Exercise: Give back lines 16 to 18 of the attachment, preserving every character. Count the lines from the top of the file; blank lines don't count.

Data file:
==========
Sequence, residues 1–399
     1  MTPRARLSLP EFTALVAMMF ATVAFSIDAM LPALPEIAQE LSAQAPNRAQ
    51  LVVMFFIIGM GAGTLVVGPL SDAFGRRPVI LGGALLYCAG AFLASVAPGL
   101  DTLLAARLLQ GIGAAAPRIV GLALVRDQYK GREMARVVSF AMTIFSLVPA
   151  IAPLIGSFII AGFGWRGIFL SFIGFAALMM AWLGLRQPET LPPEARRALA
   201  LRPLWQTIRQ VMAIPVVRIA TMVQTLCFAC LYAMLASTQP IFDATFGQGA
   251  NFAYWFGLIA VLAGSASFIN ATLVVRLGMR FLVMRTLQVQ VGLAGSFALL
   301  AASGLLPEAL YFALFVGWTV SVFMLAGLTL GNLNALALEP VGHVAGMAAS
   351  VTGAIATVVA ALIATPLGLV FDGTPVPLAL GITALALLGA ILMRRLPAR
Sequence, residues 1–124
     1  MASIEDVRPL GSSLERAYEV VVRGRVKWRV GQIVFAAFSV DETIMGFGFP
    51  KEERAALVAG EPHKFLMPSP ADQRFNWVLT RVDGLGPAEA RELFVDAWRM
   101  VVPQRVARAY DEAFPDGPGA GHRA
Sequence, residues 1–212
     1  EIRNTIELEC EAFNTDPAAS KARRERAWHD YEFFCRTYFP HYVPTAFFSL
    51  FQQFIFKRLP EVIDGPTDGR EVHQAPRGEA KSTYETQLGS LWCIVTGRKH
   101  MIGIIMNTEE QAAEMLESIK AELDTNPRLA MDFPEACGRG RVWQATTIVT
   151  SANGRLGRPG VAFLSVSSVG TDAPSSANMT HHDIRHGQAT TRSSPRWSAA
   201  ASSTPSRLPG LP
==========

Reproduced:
    51  FQQFIFKRLP EVIDGPTDGR EVHQAPRGEA KSTYETQLGS LWCIVTGRKH
   101  MIGIIMNTEE QAAEMLESIK AELDTNPRLA MDFPEACGRG RVWQATTIVT
   151  SANGRLGRPG VAFLSVSSVG TDAPSSANMT HHDIRHGQAT TRSSPRWSAA